The activity of enzymes may often be increased or decreased by certain small molecules and ions (e.g., drugs, toxins). Enzyme inhibitors typically reduce enzyme activity. An inhibitor may bind irreversibly at the active site, in which case the enzyme is rendered essentially permanently inactive. Alternatively, an inhibitor may bind reversibly at the active site, in which case the inhibitor, referred to as a competitive inhibitor, prevents the substrate from binding and competes with substrate for the binding site. Also, an inhibitor (typically referred to as a noncompetitive inhibitor or antagonist) may bind at a site other than the active site, and thereby reduce the enzyme's ability to bind substrate at the binding site. In contrast, molecules which increase enzyme activity (often referred to as agonists) typically bind at a site other than the active site, and thereby increase the enzyme's activity.

In one embodiment, the assays of the present invention may be employed to detect (or identify) an enzyme, substrate, irreversible inhibitor, competitive inhibitor, antagonist, or agonist. For example, an enzyme (to be detected) in a sample may first be derivatized to possess one or more ECL quenching moieties (using, for example, quenching agents with amino-reactive groups). An enzyme substrate may then be prepared which possesses an ECL label. Upon mixing, enzyme-substrate complexes are formed wherein the ECL label and one or more ECL quenching moieties are brought into quenching contact, thereby reducing the observed ECL emission. Thus, a decrease in ECL emission may be correlated with the amount of target enzyme present in the sample. Alternatively, target substrates may be derivatized to possess ECL labels, and the enzyme may be prepared to possess ECL quenching moieties. Analogous methods may be used to detect target substrates, substrate analogs, irreversible inhibitors, competitive inhibitors, antagonists, and agonists.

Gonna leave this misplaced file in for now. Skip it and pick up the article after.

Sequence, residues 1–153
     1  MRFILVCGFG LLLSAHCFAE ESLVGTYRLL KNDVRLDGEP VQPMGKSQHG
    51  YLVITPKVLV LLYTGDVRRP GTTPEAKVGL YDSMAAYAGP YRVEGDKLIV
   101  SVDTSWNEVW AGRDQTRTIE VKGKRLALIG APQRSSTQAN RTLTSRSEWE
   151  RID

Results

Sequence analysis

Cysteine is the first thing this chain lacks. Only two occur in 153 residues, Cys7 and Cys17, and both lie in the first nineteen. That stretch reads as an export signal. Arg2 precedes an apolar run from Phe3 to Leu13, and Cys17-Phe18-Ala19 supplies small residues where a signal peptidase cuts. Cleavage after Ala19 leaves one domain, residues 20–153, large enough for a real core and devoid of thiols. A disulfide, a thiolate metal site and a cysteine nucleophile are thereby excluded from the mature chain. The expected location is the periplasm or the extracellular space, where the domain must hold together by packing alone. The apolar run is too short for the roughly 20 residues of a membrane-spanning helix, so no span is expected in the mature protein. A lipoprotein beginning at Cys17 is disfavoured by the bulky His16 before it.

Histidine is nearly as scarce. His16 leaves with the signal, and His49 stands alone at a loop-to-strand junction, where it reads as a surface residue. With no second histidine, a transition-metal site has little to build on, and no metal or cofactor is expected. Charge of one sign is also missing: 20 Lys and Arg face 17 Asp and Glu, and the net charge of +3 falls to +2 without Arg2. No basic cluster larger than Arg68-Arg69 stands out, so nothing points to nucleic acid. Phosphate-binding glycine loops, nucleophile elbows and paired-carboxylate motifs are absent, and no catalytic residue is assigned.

In another embodiment, the assays of the present invention may be employed as a competition assay to detect, for example, an enzyme, substrate, substrate analog, competitive inhibitor, antagonist, or agonist. For example, to detect a substrate in a sample, one may first derivatize a suitable enzyme to possess one or more ECL quenching moieties (using, for example, quenching agents with amino-reactive groups). A substrate analog, which has a similar binding affinity for the enzyme as the substrate, and which possesses an ECL label, may then be prepared. Upon mixing the enzyme and substrate analog, enzyme-substrate analog complexes are formed wherein the ECL label and one or more ECL quenching moieties are brought into quenching contact. The sample, containing the substrate to be detected, is then added. The substrate, which lacks an BCL label, competes with the labeled substrate analog; labeled substrate analog which is freed upon competition will increase the ECL emission. Thus, an increase in ECL emission may be correlated with the amount of target substrate present in the sample. Analogous methods may be used to detect enzymes, substrate analogs, competitive inhibitors, antagonists, and agonists.

In one embodiment, the assays of the present invention may be employed to detect materials which may be selectively derivatized to possess one member of a strong binding pair. Examples of strong binding pairs include biotin-avidin and biotin-avidin analogs, such as biotin-streptavidin. Biotin, also known as vitamin H of the vitamin B complex, is an imidazole pentanoic acid of empirical formula C10H15O3N2S. Avidin, a 70 kilodalton protein found in egg white, has a very high binding affinity for biotin. Streptavidin, a similar protein found in the bacteria, Streptomyces avidinii, has an even higher binding affinity for biotin, partially due to its four biotin binding sites.